Review: 'La Broa' Is a Classic in the Making
Will Demers READ TIME: 3 MIN.
Trinity Repertory Company continues to celebrate its 60th anniversary with a world premiere. "La Broa' (Broad Street)" is a work adapted by Orlando Hernández, a New York based performer, choreographer, musician and writer (he appeared at Trinity in a past version of "A Christmas Carol" and "Like Sheep to Water, or Fuente Ovajuna"), His adaptation is based on and inspired by "Latino History of Rhode Island: Nuestras Raíces" by local oral historian Marta V. Martinez. And what a premiere this important work is.
Set in Providence and spanning sixty years, "La Broa' examines the struggles, successes and challenges of real life Latina/Latino locals who came to our country to pursue the American dream. As the story unfolds, we meet Ana (Rosalyn Tavarez, in her Trinity debut), a Providence college student who finds Dona Rosa (Alina Alcántara, also a debut) trying to break into a closed local market. Doña Rosa's fails at her robbery attempt (she hoped to retrieve a photo of her husband from the store), but invites Ana to her home to sample some home cooking and meet her daughter Lucretia (Marina Tejada).
Dona Rosa has many stories to tell, and she's more than willing to share when edged on by Lucretia; but when it is suggested she be interviewed for a school project, Dona Ana clams up, fearing that a recorded conversation would get the better of her. Eventually she tells the story of her journey to America and meeting her first husband Matías (Jeff Ararat) on a train platform. As they navigate the limitations of finding decent work in this country, they eventually open a local market on La Broa' (Providence's Broad Street in the South End) where locals come to gather, shop and tell stories of their lives since first arriving in the United States. It is here we meet the rest of the cast of talented actors populating this vibrant production.
From the outset each relates how members of the white, English-speaking population set up roadblocks for the Latinx community; and in doing so, make insights into racism, misogyny, and language barriers. The best example is Ana's college roommate Susan (Madeleine Russell, who appeared in Trinity's "The Inferior Sex"), who just doesn't understand Ana's heritage, and regularly berates her for being too "different" than other students. But this production doesn't just skim the surface of these issues, it fully examines them during some of America's worst periods of civil unrest. Directed by Trinity company director Tatyana-Marie Carlo, this is a skilled ensemble slipping into multiple roles . The supporting cast is exceptional, featuring Alexander Crespo-Rosario ("Sweeney Todd,") Rudy Cabrera ("A Tale of Two Cities,") Jen Anaya (her Trinity debut, she's excellent,) Arturo Puentes ("Sueno") and David Bertoldi.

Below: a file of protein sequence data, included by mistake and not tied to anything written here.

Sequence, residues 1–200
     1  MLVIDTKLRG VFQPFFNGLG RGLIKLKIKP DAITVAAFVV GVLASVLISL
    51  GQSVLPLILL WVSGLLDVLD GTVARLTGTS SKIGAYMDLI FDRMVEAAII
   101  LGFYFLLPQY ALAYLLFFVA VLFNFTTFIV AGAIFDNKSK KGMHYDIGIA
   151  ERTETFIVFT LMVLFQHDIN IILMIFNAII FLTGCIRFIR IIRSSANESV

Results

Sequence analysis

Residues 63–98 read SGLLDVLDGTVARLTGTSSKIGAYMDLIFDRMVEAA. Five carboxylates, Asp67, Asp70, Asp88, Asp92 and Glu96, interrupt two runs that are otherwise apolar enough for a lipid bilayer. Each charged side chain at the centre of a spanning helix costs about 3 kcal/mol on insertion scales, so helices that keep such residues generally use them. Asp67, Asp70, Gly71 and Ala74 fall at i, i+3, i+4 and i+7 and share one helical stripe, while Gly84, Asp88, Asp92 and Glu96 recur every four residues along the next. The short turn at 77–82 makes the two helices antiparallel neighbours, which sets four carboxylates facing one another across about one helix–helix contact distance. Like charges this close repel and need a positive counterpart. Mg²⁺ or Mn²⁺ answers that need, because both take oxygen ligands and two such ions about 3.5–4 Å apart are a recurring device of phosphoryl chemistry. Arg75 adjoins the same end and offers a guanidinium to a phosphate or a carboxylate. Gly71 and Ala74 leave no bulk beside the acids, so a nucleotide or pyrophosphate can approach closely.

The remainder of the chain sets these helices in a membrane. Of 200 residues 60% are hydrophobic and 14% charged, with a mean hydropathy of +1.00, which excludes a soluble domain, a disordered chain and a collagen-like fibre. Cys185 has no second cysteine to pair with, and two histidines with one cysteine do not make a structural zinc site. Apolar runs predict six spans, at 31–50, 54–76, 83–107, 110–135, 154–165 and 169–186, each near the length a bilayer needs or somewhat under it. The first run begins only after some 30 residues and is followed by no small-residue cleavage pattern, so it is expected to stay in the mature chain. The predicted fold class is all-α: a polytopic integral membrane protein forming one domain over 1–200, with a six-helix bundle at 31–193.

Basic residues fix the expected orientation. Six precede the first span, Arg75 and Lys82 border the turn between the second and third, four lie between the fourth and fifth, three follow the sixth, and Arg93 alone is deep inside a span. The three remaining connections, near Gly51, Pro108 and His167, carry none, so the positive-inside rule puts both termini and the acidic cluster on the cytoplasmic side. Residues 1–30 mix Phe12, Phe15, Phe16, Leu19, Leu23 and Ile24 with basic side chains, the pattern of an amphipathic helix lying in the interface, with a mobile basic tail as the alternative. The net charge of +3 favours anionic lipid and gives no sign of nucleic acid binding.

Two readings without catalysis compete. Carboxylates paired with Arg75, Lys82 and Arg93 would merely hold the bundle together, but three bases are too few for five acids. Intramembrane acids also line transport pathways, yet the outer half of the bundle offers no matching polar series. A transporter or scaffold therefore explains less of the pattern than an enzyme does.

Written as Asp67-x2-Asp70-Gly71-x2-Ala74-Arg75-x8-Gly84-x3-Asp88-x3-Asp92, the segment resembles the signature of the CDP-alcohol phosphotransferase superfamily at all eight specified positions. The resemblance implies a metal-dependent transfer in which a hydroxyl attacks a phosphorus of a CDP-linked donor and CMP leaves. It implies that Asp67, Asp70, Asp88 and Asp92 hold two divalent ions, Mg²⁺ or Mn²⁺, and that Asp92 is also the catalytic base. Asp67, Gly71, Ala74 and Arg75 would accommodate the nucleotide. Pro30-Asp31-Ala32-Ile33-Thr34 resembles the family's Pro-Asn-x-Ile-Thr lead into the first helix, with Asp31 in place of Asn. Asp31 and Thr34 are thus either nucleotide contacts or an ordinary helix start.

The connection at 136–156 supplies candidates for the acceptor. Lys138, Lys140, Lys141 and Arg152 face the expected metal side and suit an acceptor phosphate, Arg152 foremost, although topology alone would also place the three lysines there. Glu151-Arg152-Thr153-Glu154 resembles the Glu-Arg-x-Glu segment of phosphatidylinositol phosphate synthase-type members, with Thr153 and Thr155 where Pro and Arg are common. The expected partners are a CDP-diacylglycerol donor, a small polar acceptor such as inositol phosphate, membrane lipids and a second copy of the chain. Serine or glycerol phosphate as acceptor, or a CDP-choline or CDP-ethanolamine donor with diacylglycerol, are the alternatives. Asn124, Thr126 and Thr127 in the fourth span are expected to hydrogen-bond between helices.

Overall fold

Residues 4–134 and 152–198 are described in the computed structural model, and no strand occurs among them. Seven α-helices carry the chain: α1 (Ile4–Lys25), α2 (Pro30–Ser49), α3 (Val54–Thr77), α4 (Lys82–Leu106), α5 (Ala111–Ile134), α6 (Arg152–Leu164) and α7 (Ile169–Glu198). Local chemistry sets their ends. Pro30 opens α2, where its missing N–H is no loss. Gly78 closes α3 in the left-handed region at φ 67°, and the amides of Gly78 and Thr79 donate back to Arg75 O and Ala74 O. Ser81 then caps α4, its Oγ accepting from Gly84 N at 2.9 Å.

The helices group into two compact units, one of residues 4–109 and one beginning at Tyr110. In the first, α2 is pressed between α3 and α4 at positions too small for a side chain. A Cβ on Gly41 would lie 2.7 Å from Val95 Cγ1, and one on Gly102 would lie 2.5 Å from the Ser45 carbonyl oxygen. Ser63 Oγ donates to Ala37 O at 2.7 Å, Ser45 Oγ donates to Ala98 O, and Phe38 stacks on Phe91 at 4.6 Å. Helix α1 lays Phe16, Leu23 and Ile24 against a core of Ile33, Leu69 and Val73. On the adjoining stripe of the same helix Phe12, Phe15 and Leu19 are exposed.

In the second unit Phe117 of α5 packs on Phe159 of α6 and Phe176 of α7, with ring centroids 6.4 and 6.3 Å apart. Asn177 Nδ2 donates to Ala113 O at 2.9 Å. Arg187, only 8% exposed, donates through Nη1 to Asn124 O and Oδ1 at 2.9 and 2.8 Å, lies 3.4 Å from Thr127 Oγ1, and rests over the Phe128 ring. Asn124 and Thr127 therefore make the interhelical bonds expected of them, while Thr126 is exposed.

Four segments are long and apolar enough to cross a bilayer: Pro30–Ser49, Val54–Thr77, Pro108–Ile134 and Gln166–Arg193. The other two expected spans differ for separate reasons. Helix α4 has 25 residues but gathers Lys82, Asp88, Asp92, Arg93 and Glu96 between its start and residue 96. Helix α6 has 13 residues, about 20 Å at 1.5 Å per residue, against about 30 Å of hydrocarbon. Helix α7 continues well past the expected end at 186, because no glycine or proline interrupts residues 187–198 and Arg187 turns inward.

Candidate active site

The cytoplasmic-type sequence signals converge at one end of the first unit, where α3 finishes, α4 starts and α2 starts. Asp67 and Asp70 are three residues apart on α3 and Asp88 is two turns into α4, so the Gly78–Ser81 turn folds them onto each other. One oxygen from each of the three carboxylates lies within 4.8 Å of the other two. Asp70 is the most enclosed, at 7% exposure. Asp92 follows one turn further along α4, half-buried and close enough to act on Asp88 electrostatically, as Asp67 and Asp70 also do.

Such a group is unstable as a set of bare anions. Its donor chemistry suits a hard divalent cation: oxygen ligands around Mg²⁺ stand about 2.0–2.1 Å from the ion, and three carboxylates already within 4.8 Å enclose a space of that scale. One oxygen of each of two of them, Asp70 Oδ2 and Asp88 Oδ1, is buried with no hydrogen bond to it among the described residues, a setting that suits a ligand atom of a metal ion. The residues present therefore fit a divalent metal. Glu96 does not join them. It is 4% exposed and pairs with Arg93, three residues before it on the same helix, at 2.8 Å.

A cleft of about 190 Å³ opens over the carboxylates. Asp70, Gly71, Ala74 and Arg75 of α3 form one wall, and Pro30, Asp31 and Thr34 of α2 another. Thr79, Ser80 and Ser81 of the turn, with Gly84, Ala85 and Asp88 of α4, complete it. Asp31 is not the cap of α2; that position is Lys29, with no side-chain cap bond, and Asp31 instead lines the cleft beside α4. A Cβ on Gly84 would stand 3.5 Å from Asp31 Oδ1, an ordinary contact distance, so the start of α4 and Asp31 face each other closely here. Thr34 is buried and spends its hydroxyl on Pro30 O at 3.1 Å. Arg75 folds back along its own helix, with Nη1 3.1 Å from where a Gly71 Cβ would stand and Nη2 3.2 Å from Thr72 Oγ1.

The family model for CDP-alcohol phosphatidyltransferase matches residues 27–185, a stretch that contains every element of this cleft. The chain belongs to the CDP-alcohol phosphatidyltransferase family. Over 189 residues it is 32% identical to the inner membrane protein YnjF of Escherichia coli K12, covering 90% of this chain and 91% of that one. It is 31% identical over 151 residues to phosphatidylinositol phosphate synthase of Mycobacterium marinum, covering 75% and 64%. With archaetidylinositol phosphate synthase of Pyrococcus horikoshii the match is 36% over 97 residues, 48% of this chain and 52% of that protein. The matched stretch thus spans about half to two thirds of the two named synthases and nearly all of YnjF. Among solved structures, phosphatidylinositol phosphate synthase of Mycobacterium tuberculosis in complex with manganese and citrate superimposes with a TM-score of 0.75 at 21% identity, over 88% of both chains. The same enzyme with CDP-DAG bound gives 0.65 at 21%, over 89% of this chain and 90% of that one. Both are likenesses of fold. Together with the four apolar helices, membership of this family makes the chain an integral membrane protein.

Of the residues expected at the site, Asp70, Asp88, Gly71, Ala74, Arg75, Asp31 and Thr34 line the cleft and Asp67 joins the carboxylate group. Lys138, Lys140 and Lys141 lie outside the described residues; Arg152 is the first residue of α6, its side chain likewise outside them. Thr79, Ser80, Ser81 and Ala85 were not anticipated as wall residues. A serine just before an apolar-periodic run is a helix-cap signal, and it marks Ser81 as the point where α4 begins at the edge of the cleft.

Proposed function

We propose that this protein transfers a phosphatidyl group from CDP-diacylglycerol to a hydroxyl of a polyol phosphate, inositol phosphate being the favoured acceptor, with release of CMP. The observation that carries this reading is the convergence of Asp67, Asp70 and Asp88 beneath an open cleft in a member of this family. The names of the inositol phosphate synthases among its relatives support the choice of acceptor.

Alicante is brilliant as Dona Rosa; she commands every scene with her delightfully comedic presence, tempered with pathos. Tavarez is also excellent, with Tejada as another shining example of the wonderful casting choices. And while much of the dialogue is in Spanish without surtitles; this doesn't distract for non-Spanish speaking audience members.
"La Broa'" is a classic in the making; bright, relevant and spectacular in its execution, the stories will make you laugh, cry and cheer.
"La Broa' (Broad Street) runs through February 18th at Trinity Repertory Company 201 Washington Street, Providence, RI 02903. For information or tickets, call 401-351-4242 or visit www.trinityrep.com.